A point cloud is a data set of points in a coordinate system. Points contain a wealth of information, including three-dimensional coordinates X, Y, Z; color; classification value; intensity value; and time. Point clouds mostly come from lidars that are commonly used in various NVIDIA Jetson use cases, such as autonomous machines, perception modules, and 3D modeling.
One of the key applications is to leverage long-range and high-precision data sets to achieve 3D object detection for perception, mapping, and localization algorithms.
PointPillars is one the most common models used for point cloud inference. This post discusses an NVIDIA CUDA-accelerated PointPillars model for Jetson developers. Download the CUDA-PointPillars model today.
What is CUDA-Pointpillars
In this post, we introduce CUDA-Pointpillars, which can detect objects in point clouds. The process is as follows:
- Base preprocessing: Generates pillars.
- Preprocessing: Generates BEV feature maps (10 channels).
- ONNX model for TensorRT: An ONNX mode that can be implemented by TensorRT.
- Post-processing: Generates bounding boxes by parsing the output of the TensorRT engine.
The base preprocessing step converts point clouds into base feature maps. It provides the following components:
- Base feature maps
- Pillar coordinates: Coordinates of each pillar.
- Parameters: Number of pillars.
The preprocessing step converts the basic feature maps (four channels) into BEV feature maps (10 channels).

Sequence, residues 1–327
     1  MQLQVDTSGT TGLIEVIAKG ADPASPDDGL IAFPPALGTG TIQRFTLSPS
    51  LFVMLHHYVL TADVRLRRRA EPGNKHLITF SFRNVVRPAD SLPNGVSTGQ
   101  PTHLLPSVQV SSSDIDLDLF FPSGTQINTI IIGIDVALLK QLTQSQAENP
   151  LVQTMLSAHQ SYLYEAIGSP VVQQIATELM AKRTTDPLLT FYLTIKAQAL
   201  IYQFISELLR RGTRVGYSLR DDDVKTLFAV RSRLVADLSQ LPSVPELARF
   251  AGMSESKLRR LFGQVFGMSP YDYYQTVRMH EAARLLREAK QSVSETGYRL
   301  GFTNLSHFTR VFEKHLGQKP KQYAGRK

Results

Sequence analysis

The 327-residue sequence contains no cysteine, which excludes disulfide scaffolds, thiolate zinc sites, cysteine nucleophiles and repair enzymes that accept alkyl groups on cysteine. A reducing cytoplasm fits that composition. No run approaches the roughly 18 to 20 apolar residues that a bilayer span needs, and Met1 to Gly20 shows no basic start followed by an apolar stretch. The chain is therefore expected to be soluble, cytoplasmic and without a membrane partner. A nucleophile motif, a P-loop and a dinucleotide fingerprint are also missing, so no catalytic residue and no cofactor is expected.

ONNX model for TensorRT
The native point pillars from OpenPCDet were modified for the following reasons:
- Too many small operations, with low memory bandwidth.
- Some operations, like NonZero, are not supported by TensorRT.
- Some operations, like ScatterND, have low performance.
- They use “dict” as input and output, which cannot export ONNX files.
To export ONNX from native OpenPCDet, we modified the model (Figure 4).
You can divide the whole ONNX file into the following parts:
- Inputs: BEV feature maps, pillar coordinates, parameters. These are all generated in preprocessing.
- Outputs: Class, Box, Dir_class. These are parsed by post-processing to generate a bounding box.
- ScatterBEV: Converts point pillars (1D) into a 2D image, which can work as a plug-in for TensorRT.
- Others: Supported by TensorRT. [OTHER WHAT?]
The post-processing parses the output of the TensorRT engine (
dir_class) and output-bounding boxes. Figure 6 shows example parameters.
To use CUDA-PointPillars, provide the ONNX mode file and data buffer for the point clouds:
std::vector<Bndbox> nms_pred; PointPillar pointpillar(ONNXModel_File, cuda_stream); pointpillar.doinfer(points_data, points_count, nms_pred);
Converting a native model trained by OpenPCDet into an ONNX file for CUDA-Pointpillars
In our project, we provide a Python script that can convert a native model trained by OpenPCDet into am ONNX file for CUDA-Pointpillars. Find the
exporter.py script in the
/tool directory of CUDA-Pointpillars.
To get a pointpillar.onnx file in the current directory, run the following command:
$ python exporter.py --ckpt ./*.pth
The table shows the test environment and performance. Before the test, boost CPU and GPU.
|Jetson||Xavier NVIDIA AGX 8GB|
|Release||NVIDIA JetPack 4.5|
|Infer Time||33 ms|
Get started with CUDA-PointPillars
In this post, we showed you what CUDA-PointPillars is and how to use it to detect objects in point clouds.
Because native OpenPCDet cannot export ONNX and has too many small operations with low performance for TensorRT, we developed CUDA-PointPillars. This application can export native models trained by OpenPCDet to a special ONNX model and inference the ONNX model by TensorRT.